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Here is a link to a thoughtful interaction and critical review of the book:
I’d like to give Fairbairn 4.5 stars, in fact. His book is an excellent work that draws heavily from the patristic period, primarily from Irenaeus, Athanasius, Cyril of Alexandria and Augustine. He also has snippets interspersed throughout the book giving crucial insights by these and other Fathers! This book is refreshing for its acquaintance with the early church tradition. Maybe this evangelical author is one of a handful of experts in Patristics that are within the conservative wing of Protestantism. His attempt to wed the early church’s notion of theosis to our sanctification and that seen as the primary aim of our relationship within the trinity, as Christians share in the intimacy of the Father-Son dynamic-relationality, is well conceived and well presented, even if I remain somewhat reluctant to embrace it fully. I still have some reservations about the Fathers for their neglect of forensic categories that the NT, in my view, makes dominant. Nonetheless, it is a helpful book and should attract a wide reading audience.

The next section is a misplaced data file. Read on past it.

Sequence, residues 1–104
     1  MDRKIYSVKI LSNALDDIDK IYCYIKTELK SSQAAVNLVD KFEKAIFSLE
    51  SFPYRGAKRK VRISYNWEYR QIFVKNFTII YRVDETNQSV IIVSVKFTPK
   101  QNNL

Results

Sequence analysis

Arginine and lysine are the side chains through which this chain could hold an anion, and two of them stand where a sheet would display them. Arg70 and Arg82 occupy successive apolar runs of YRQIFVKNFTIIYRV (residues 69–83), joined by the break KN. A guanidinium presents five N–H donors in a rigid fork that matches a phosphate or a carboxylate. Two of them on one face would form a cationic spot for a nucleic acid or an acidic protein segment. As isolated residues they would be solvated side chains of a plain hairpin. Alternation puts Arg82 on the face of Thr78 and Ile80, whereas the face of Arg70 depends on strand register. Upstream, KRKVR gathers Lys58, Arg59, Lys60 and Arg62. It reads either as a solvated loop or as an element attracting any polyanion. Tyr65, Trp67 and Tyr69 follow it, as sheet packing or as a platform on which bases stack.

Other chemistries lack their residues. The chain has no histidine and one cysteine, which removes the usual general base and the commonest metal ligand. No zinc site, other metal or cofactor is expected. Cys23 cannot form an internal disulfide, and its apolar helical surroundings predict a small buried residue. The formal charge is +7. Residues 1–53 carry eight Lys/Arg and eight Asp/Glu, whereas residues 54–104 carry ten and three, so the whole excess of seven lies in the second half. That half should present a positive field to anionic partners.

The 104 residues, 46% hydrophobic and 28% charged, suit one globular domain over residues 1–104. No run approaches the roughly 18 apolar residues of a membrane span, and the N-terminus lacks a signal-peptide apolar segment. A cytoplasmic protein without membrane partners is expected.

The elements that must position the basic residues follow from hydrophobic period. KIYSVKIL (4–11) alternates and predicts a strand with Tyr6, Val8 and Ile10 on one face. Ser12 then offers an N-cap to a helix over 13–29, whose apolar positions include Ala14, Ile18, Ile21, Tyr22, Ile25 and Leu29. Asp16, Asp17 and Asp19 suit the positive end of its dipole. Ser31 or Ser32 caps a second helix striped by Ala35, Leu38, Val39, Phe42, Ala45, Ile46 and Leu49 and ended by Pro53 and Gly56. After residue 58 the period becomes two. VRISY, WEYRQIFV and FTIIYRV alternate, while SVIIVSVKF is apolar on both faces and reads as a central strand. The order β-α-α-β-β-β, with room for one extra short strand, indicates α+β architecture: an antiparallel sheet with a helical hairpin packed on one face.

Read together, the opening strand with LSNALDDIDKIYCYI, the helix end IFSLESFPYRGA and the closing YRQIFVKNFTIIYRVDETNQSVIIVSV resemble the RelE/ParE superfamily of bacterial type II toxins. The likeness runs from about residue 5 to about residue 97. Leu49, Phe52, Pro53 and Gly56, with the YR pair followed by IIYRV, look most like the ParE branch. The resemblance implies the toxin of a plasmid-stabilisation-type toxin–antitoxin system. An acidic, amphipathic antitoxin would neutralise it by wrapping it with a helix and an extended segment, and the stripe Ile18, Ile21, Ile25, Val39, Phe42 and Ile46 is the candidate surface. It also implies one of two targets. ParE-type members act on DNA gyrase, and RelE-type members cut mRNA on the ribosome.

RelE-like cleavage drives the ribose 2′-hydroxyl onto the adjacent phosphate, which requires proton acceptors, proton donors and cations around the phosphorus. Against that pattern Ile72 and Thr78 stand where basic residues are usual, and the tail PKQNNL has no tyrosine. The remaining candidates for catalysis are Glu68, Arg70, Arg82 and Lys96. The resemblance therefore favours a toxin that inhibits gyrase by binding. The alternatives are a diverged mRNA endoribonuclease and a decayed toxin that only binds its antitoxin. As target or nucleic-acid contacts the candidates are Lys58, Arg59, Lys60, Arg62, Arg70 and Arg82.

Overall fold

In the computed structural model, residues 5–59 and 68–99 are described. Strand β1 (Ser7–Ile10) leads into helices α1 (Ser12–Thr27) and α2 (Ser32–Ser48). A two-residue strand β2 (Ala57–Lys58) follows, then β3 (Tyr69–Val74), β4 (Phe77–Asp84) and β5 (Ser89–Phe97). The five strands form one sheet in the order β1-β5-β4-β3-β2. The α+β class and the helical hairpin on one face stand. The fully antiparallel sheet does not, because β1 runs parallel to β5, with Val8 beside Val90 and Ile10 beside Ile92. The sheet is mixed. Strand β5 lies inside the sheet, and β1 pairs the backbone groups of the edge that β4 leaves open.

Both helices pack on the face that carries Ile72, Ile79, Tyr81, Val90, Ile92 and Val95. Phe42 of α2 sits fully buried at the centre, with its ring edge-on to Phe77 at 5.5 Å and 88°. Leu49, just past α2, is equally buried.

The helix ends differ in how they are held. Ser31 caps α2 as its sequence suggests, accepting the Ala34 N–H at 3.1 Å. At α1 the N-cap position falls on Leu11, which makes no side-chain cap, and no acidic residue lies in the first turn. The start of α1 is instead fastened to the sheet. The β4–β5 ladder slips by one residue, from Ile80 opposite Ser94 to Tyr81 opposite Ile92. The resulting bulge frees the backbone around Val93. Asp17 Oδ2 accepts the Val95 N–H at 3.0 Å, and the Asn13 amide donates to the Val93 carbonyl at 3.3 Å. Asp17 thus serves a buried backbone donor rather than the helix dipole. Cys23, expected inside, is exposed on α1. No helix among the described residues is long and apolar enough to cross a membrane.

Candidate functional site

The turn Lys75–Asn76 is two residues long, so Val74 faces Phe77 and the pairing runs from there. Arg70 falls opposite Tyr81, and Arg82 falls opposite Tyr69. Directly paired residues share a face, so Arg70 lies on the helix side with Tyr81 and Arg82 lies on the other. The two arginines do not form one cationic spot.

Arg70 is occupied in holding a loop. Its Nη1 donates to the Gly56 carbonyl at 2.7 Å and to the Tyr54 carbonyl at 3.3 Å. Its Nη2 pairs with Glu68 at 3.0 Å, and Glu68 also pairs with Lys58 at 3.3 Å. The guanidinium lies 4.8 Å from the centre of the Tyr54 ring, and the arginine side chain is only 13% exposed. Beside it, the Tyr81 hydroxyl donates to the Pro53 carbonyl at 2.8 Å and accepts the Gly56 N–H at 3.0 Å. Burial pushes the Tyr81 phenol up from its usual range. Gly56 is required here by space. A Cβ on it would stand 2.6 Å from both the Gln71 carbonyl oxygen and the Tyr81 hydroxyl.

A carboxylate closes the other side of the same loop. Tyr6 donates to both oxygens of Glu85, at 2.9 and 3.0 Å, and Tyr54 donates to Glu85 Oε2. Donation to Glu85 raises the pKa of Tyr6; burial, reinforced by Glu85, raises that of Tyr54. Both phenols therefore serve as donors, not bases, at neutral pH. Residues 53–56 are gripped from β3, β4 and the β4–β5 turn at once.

I want to comment on one other matter that struck me about the overall approach to sovereignty that is a generic criticism of the whole. In the book Fairbairn develops an idea that is repeated a few times that the world as it is now is not as God wanted it to be. The question that emerges is that once the redemption in Christ occurs and the eschaton is achieved, the net result seems to be a reversal of Eden’s fall and the attainment of “what God had in mind all along,” so to speak. I have no qualms about the this worldly focus of the expected eschatological renewal. My problem has to do with the unanswered question: “Why did God not stop the fall in the first place?” Or to put it another way, “If God did not get what He wanted, as this current world is not what God desired from the beginning, then what is to prevent another “Fall” in the redeemed world to come?” Fairbairn has attempted to side-step the landmine of Determinism/Free Agency and proposes a novel way of ascribing some sense of legitimacy to both horns of the dilemma, but surely the book fails to address the question of why the Fall happened in the first place from the perspective of God prior to the fall, and not merely as a reaction to the post-fall situation with the simple statement that “it is not as God intended!” From a robust standpoint of God’s supreme sovereignty, one may answer the implied question stating that the fall was part of God’s plan all along so that in the eschaton, we, that will be saved in the end, will receive something greater than what was lost in Adam. And God ordained the fall of the world just as much as He ordained the redemption of the inanimate world and of His elect.
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